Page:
A select group of medical stocks are on a Bill Shorten rally after the opposite leader announced his alternative budget last night.
The rally I am talking about isn’t political in nature but the share market kind. The Integral Diagnostics Ltd (ASX: IDX) share price surged 6.8% to $2.66 ahead of the market close, while the Capitol Health Ltd (ASX: CAJ) share price and Paragon Care Ltd. (ASX: PGC) share price have jumped over 4% each.
The outperformance of this group stands in contrast to the 0.6% drop in the S&P/ASX 200 (Index:^AXJO) (ASX:XJO) index.
The $2.3 billion boost for the sector
Prime Minister-in-waiting Shorten is promising to spend $2.3 billion on cancer detection and treatment if the Labor party wins the upcoming federal elections, according to the Australian Financial Review.
Shorten is calling the cash injection the most important Medicare investment since the universal healthcare initiative was launched in 1984.
The move will be welcomed by all Australians, I suspect, given that nearly everyone has been affected by cancer or knows of someone who have suffered because of cancer.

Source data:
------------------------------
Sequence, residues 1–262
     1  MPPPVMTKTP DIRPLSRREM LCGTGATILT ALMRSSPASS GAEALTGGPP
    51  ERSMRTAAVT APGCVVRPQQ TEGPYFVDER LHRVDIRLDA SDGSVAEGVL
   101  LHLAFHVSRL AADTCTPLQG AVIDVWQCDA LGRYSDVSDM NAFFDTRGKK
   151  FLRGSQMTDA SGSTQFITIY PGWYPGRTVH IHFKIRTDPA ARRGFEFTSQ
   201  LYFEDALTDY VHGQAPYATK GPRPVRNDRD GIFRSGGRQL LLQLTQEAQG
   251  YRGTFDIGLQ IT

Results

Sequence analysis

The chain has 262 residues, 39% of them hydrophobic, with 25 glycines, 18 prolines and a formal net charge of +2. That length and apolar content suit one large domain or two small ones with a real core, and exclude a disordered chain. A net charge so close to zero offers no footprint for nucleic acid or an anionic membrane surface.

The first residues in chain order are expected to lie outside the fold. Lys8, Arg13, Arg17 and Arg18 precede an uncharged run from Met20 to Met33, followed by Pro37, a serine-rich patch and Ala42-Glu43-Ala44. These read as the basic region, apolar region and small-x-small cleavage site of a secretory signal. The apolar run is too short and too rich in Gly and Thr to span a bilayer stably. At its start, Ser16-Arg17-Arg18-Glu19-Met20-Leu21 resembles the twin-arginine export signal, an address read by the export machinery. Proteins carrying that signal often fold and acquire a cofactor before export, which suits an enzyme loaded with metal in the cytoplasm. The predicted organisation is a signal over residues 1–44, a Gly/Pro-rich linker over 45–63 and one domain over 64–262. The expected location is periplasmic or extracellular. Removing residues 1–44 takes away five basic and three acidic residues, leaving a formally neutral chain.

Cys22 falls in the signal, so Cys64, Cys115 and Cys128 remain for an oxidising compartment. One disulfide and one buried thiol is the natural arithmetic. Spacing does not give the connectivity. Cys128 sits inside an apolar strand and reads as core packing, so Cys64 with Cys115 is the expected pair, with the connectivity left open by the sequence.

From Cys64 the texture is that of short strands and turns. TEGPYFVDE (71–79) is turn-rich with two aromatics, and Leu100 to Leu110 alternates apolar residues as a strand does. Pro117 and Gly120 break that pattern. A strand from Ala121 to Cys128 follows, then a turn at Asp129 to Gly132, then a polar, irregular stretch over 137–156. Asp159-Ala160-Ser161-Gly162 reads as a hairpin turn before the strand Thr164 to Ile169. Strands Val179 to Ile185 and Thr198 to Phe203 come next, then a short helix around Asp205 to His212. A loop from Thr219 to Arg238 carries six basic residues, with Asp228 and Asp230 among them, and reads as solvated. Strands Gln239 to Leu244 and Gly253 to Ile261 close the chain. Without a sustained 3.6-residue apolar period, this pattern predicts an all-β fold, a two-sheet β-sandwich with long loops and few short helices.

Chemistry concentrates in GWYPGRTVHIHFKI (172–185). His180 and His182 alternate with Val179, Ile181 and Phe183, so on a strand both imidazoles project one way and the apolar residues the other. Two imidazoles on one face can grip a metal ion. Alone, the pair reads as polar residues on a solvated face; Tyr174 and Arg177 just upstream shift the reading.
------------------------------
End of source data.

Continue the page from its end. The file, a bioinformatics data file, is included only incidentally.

The cash pledge will mean that six million Australians won’t have to pay anything (or very little) for cancer scans, including MRIs, over the next four years; while three million specialist doctor appointments will also be covered.
Shorten is also promising that every cancer drug recommended by experts will be subsidised by the PBS – meaning that patients on these drugs won’t be sent to the poor house.
The small cap stocks that benefit the most
Integral Diagnostics and Capital Health run diagnostic imaging facilities across the country. Paragon Care sells medical equipment, including diagnostic machines.
Integral Diagnostics CEO Dr Ian Kadish told the AFR that Medicare has been slow to recognise MRI as an essential service with the number of MRIs done in Australia running at half the rate of those in Europe and New Zealand.
If Shorten’s pledge to cancer treatment is as popular as I think it will be, the federal government could find itself under pressure to offer something similar.
That will be good news for these companies and the estimated 145,000 Australians who are diagnosed with the disease each year.
But these aren’t the only medical related stocks with a bright outlook. The experts at the Motley Fool have another that they think investors should be keeping an eye on.
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